“The entire room was white. The floor was white, the walls were white. Foam was all over my roommate’s computer. I was like, ‘oh … can’t be doing this in a dorm room.’”

And the board was useless.

“The rails were wonky. The volume was all off. The fins were really close together and weren’t straight.” He tells the story with only the tiniest hint of embarrassment. “I don’t think I ever stood up on that board.”

There were a lot of problems. But to Raja, the solution was singular.

“I hadn’t spent enough time around surfboards.”

As Raja had come to realize, the creation of a surfboard is a complicated, messy process. It all begins with a big piece of foam. Its deformities must be removed with an electric planer. After that a template is placed on the foam and used to trace the outlines of the board a “shaper” wants to create. Raja designs his templates with a software program called AKU-Shaper.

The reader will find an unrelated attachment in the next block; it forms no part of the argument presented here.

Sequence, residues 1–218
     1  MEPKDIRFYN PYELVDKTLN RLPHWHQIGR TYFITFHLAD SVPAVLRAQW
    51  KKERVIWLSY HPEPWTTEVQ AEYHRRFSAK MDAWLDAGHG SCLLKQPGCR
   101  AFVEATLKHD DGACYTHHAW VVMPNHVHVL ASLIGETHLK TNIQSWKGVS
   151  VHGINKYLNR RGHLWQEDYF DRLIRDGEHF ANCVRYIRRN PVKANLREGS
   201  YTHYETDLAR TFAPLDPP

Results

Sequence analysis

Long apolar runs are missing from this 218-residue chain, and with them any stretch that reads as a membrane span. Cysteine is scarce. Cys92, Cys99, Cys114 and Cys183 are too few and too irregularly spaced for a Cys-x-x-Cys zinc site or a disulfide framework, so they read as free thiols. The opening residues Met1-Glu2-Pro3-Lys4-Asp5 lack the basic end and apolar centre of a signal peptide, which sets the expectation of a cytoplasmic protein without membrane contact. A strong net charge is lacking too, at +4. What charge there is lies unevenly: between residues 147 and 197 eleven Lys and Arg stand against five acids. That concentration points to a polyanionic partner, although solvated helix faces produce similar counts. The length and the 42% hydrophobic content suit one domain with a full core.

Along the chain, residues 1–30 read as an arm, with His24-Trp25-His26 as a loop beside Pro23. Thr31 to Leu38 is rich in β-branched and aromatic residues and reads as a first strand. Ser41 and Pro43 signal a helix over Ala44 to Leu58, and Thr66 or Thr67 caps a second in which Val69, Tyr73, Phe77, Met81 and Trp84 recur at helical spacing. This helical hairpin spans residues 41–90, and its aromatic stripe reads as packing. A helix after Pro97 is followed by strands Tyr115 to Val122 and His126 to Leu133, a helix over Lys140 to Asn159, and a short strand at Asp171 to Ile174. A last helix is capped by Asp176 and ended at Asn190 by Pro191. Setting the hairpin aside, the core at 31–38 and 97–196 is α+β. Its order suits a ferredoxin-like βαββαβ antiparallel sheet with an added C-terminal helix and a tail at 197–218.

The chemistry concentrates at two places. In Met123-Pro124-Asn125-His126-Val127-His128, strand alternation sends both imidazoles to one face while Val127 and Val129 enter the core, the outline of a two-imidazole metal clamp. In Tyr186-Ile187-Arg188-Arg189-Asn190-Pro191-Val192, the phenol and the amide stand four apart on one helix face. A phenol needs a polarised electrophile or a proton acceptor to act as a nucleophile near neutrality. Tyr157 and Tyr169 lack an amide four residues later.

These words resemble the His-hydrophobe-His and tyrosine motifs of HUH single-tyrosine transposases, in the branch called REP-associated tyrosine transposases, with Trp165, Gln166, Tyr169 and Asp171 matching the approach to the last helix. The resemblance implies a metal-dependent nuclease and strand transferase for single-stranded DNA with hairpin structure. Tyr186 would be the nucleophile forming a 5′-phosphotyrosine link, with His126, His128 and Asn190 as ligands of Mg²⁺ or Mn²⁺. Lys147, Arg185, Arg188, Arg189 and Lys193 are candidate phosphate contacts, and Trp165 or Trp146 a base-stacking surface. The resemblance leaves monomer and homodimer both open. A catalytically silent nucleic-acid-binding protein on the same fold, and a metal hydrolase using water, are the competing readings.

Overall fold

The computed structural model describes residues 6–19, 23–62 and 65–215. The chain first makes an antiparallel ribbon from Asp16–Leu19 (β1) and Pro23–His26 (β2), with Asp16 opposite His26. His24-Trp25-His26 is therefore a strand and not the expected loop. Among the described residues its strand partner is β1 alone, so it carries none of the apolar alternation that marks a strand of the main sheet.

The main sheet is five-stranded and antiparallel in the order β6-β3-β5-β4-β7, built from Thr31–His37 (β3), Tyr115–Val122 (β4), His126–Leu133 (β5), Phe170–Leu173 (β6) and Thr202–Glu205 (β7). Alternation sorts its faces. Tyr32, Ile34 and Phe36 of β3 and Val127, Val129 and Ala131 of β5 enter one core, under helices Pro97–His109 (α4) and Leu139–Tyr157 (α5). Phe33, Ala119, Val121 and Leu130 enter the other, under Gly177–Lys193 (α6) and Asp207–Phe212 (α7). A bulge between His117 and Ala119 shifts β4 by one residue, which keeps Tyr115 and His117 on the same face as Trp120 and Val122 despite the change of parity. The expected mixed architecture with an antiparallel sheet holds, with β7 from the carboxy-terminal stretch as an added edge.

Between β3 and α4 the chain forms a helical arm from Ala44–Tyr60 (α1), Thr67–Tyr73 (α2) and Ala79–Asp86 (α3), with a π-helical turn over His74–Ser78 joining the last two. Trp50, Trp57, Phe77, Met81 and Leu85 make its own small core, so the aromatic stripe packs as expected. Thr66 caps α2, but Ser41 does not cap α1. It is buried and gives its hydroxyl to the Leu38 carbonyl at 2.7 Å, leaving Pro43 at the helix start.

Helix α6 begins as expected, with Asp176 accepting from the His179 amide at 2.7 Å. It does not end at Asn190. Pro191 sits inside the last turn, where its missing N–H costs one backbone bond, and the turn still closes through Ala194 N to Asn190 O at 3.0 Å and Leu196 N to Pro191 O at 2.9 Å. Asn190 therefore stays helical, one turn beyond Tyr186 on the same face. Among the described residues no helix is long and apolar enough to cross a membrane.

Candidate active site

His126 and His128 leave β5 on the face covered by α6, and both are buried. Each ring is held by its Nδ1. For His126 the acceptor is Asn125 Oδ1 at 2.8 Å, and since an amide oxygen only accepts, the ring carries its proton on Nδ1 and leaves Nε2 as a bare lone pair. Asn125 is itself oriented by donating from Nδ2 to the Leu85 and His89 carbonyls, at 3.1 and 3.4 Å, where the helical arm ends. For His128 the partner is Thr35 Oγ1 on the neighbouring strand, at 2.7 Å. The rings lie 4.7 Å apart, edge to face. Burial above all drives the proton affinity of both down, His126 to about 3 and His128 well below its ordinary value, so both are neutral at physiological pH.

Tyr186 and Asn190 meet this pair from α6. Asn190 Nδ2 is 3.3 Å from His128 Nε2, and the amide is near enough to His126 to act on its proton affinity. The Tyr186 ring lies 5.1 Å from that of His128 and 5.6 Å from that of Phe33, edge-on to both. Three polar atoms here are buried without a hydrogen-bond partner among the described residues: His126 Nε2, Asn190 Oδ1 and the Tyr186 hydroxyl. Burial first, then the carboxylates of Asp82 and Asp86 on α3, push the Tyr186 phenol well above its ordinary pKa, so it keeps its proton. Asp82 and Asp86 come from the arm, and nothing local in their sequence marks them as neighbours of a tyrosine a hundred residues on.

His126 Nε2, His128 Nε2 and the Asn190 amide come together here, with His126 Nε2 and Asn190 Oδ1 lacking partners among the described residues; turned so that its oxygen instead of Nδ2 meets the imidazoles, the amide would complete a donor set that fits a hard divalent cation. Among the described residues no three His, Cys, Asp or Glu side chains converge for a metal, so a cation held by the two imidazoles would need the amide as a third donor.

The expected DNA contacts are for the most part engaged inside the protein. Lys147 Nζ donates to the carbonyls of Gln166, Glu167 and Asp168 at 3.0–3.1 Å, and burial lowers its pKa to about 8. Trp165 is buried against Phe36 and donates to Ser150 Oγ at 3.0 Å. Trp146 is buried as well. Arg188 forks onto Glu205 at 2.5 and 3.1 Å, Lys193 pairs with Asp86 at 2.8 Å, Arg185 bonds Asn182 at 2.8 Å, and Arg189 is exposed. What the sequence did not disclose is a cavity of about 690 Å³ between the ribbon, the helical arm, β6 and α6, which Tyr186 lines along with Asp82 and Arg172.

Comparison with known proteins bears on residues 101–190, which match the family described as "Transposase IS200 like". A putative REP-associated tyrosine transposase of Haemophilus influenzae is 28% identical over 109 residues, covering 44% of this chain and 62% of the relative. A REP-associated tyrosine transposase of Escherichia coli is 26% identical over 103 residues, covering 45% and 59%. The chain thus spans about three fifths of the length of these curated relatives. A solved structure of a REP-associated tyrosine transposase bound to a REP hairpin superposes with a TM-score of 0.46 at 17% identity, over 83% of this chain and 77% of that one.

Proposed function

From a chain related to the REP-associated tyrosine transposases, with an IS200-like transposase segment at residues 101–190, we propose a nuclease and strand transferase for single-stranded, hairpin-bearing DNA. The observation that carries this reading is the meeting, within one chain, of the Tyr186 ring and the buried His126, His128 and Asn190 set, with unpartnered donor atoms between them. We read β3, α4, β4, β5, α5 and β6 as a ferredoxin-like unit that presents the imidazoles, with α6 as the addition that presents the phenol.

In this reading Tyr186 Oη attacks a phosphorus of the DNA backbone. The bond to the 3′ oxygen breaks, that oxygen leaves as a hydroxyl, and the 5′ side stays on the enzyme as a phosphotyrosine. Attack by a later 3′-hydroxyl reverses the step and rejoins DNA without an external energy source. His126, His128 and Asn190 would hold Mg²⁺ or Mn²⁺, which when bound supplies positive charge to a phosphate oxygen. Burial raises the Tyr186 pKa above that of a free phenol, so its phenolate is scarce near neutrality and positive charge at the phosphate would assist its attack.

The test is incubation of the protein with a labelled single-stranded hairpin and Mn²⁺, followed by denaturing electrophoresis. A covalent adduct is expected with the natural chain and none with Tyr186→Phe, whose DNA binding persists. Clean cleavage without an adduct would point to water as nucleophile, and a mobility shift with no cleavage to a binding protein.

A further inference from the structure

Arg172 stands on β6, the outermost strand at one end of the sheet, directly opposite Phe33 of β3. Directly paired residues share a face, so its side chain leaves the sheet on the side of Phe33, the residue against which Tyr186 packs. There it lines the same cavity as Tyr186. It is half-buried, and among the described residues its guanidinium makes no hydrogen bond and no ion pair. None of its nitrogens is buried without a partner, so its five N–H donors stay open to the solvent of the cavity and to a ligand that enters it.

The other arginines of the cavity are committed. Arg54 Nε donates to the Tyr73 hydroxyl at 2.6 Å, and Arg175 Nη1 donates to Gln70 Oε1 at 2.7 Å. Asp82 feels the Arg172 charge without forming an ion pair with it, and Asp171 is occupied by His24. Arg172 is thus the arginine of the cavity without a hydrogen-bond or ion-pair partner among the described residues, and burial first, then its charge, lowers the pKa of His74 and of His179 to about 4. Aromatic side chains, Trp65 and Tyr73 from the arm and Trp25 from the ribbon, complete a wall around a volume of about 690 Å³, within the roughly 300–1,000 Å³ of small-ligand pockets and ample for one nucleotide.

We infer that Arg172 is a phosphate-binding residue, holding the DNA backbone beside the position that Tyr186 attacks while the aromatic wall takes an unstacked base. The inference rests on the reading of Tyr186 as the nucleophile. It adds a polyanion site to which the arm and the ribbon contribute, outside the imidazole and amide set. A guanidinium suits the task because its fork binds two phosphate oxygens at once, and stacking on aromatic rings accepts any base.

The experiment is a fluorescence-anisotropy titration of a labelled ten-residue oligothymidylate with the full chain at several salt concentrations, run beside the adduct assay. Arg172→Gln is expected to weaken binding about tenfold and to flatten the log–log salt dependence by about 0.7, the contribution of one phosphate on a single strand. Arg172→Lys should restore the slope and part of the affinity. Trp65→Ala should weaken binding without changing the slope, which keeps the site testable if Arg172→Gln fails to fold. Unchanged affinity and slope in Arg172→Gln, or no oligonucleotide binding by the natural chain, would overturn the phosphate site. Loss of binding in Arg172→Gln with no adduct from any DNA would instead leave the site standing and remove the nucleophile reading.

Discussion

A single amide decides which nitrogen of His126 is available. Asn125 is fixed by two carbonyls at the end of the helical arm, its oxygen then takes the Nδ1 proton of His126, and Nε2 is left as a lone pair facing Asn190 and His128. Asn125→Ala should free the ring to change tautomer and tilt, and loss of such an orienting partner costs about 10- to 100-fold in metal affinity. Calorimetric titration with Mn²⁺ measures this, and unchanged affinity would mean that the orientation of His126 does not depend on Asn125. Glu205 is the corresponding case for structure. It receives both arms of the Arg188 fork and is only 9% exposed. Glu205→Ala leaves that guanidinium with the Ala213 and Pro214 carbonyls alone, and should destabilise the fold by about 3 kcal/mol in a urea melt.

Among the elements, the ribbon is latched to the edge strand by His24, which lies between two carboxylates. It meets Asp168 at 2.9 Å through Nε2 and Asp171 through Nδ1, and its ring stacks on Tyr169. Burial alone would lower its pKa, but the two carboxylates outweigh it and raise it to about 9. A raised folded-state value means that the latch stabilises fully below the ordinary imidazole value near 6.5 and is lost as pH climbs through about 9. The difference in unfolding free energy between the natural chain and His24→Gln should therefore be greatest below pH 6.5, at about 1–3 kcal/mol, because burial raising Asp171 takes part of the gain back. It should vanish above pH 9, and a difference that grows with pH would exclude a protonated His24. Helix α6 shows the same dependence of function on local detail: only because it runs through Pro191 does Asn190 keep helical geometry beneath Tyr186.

Templates are what Raja calls “the secret weapon.” He explains that “if anyone gets the template they can just copy it.” Accordingly, shapers are intensely protective of their templates, and to share one with another is a remarkable gesture of trust.

In most professional shops a board is only shaped once and then the dimensions are plugged into a machine that can recreate it. But Raja, who operates off three main templates, is constantly fiddling with his.

Why? “Oh, the tail was sliding out. Or it was too floaty. I could put bigger fins or make it more concave. There’s always 100 ways to solve a problem.”

Once the template is penciled out the foam is cut with a handsaw. Then the electric planer is brought out again, this time to level the foam, which starts at a universal thickness, to the proper distribution. Most boards should be fatter in the middle and grow thinner toward the ends.